In an otherwise unremarkable drawing room in Paris, a meeting is held. Present are Count Walewski, Napoleon III’s Minister of State; Juan Almonte and Juan Hidalgo, representatives of the Mexican Superior Junta staying behind in Europe to continue building support for the nascent Second Empire; and John Slidell, unofficial “minister of the CSA” to France and one of the parties in the Trent Affair of the previous autumn. Pierre-Paul Pecquet, an unofficial spokesman for the CSA in France, had been invited but was unable to attend, partially due to his dislike of Slidell.
Walewski presents Slidell with an intriguing proposition - if the CSA can continue to hold out and even win a victory over the Union, and pledges to recognize the Mexican Empire, Napoleon III will recognize the CSA in turn without waiting for Britain. Almonte and Hidalgo make the same pledge - a quid pro quo. Slidell hurries home to begin to put together a way to relay this message to Richmond.
“...the people of Fredericktown have been nothing but generous to our Army as we have made our base here. The enemy left towards south or west, the locals having an indeterminate sense of their numbers. But for empty abandoned camps and the signs of the rebel plunder, one would not know that they have scarred this Maryland ground.
My scouts have been unable to ascertain the numbers General Lee has brought with him across the Potomac. I fear for our garrisons ar Harpers Ferry; but nevertheless, we will soon set out to pursue. I remain convinced we have the enemy to our west, and my Army shall stay between them and not only Baltimore but the Capital as well.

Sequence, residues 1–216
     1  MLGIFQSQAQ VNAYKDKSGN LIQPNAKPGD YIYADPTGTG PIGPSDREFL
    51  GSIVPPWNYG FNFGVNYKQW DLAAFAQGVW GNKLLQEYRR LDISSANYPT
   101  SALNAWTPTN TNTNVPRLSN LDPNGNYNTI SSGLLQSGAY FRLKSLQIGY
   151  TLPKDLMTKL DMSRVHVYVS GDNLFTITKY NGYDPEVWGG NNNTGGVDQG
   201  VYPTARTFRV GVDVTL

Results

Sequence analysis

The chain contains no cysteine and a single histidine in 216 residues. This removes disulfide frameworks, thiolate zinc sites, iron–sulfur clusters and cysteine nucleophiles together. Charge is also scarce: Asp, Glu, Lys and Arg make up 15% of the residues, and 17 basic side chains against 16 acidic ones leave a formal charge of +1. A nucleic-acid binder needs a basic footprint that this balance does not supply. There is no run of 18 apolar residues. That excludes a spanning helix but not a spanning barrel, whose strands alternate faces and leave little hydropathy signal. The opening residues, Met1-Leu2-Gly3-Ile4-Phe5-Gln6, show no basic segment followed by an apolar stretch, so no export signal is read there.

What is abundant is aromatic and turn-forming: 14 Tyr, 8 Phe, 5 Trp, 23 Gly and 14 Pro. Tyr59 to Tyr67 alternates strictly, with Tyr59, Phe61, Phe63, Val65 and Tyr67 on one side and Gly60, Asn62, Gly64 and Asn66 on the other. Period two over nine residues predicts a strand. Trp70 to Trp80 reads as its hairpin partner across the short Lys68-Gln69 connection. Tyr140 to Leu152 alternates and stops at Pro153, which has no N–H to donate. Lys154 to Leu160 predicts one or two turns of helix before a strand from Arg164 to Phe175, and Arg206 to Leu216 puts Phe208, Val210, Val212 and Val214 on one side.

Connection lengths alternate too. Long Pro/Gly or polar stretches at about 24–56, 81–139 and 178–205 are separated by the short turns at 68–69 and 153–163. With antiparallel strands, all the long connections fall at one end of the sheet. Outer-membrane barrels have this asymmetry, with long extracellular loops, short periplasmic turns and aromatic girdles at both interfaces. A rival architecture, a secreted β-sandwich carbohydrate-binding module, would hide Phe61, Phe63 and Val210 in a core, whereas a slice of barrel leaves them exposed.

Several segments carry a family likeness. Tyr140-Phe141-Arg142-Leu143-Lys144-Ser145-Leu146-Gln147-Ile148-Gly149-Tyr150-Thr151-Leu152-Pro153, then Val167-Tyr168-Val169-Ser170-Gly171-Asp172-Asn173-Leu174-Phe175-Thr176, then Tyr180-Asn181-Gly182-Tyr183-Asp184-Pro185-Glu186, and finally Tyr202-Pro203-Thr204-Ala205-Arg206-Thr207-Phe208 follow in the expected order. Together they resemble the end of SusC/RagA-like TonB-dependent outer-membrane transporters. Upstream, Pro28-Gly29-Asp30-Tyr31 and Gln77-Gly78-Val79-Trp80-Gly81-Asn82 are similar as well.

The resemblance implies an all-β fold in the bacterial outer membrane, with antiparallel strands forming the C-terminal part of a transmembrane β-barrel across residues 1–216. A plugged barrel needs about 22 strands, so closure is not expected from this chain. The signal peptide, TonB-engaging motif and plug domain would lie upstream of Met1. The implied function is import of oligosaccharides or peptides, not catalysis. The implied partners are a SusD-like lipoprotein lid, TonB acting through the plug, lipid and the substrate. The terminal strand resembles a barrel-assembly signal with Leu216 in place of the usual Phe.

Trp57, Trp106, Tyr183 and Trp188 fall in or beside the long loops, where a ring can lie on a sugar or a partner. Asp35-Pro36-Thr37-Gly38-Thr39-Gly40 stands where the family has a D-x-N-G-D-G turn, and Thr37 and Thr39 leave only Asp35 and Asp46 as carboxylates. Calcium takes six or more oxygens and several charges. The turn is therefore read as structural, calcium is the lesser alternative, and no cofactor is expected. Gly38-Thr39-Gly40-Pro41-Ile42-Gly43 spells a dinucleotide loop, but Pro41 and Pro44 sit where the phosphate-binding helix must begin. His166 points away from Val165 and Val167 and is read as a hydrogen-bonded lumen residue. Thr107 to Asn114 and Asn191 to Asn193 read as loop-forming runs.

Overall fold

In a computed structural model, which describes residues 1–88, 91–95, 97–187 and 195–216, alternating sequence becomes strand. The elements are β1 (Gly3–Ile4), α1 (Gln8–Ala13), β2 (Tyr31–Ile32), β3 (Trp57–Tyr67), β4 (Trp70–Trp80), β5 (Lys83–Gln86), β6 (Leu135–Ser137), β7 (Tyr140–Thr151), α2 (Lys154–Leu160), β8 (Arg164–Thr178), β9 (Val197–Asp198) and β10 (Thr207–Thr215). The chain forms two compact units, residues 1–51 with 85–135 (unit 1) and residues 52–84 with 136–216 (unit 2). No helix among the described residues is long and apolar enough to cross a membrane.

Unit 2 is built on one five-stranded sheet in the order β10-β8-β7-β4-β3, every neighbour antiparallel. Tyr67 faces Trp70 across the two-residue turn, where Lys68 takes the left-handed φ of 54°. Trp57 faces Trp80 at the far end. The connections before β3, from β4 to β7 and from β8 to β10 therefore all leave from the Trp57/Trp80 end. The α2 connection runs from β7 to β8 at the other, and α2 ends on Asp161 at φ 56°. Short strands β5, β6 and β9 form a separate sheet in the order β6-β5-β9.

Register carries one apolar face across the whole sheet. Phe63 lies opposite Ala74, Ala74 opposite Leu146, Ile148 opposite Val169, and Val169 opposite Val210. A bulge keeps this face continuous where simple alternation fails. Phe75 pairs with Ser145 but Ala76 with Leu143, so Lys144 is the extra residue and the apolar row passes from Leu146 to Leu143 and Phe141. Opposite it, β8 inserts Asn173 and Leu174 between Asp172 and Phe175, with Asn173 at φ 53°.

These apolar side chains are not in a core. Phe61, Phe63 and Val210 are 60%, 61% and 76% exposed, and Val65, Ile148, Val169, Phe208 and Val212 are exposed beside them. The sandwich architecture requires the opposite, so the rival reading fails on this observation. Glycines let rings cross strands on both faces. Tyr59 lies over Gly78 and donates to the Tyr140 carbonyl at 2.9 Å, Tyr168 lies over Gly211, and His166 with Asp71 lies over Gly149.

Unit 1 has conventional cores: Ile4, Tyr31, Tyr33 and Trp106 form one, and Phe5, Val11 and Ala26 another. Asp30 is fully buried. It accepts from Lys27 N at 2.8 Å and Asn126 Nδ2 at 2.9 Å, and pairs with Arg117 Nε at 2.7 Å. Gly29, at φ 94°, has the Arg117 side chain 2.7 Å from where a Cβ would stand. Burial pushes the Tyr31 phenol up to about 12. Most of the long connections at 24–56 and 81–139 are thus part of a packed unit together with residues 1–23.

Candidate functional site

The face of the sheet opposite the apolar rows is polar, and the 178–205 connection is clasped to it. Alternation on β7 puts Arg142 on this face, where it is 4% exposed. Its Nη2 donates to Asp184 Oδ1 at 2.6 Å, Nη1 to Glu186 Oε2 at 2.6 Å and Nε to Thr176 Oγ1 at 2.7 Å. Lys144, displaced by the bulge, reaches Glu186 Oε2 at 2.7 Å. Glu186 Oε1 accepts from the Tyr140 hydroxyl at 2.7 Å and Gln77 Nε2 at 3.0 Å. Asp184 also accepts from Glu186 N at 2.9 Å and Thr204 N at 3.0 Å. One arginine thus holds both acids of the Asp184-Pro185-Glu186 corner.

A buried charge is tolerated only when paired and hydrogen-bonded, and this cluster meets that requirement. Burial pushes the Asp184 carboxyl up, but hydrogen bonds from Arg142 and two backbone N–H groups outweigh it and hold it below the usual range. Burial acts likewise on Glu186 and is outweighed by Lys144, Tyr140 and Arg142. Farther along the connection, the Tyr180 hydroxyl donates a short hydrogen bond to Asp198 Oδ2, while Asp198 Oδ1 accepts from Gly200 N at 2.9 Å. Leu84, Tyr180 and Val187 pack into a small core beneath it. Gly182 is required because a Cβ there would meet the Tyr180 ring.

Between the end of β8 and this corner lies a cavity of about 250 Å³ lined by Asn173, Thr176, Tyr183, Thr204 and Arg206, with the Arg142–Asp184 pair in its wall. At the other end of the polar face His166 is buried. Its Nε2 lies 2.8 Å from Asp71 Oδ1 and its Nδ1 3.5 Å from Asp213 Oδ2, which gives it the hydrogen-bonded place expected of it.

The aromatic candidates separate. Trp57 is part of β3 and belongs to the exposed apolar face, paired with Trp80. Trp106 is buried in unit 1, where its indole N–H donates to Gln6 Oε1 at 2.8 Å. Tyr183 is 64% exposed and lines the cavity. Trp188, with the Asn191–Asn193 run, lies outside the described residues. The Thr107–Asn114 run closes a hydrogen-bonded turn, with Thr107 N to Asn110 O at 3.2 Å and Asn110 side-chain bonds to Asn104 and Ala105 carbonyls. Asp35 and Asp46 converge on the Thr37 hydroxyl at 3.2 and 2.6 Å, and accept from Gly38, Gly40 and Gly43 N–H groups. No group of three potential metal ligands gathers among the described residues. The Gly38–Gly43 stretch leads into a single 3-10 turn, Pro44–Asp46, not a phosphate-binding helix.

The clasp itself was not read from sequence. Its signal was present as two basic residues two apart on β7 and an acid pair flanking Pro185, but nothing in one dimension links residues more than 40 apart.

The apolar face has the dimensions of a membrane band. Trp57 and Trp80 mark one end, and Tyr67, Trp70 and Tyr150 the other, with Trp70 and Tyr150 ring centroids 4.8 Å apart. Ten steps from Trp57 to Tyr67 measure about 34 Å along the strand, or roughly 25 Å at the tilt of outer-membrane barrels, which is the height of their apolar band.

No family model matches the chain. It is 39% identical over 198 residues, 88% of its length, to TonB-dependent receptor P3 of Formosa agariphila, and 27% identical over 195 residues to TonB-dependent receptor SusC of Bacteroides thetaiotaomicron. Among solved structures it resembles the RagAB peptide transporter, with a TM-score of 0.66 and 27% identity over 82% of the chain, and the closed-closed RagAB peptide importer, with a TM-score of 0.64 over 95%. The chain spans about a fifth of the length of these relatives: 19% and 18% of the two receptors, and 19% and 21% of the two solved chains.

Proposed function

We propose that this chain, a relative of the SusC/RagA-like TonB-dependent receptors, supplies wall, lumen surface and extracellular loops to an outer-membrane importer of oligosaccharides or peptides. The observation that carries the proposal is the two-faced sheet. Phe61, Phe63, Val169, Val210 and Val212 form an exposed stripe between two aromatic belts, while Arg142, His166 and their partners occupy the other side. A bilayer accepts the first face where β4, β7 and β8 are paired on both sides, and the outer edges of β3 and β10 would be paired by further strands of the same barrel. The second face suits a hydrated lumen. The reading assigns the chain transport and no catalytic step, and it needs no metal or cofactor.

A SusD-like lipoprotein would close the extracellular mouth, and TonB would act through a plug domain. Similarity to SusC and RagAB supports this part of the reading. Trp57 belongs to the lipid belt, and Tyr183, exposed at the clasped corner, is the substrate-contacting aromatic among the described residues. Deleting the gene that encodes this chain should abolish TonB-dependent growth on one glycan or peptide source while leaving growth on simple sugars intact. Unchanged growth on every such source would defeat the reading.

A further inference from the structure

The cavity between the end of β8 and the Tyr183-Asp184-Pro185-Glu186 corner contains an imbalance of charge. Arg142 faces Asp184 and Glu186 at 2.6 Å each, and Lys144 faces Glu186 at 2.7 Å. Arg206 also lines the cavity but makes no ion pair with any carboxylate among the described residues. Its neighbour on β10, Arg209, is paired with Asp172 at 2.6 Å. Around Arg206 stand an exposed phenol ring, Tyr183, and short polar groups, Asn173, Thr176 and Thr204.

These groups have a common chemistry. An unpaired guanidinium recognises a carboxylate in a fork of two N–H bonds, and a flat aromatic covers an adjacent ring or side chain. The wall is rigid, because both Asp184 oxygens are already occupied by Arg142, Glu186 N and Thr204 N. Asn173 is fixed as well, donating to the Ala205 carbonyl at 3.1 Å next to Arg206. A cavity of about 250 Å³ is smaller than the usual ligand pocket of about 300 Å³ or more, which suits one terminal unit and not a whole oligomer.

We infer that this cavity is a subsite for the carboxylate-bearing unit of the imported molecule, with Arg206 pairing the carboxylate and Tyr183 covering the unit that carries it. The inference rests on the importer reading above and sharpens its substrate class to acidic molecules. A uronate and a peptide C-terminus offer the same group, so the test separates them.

General George McLellan, Army of the Potomac.”
- Missive from McClellan to President Lincoln from Frederick, Maryland, September 13 1862
“The events of the fall of 1862 would presage almost precisely the trajectories over the next half century of the two nations who benefited most directly. For Napoleonic France, it would typify a reckless, aggressive and independent approach overseas and eventually in Europe; as for the Confederate States, it disguised a profound, almost providential luck that would lead to inflated assumptions about the talent and competence of not only her diplomats and generals but the entire political and economic establishment.”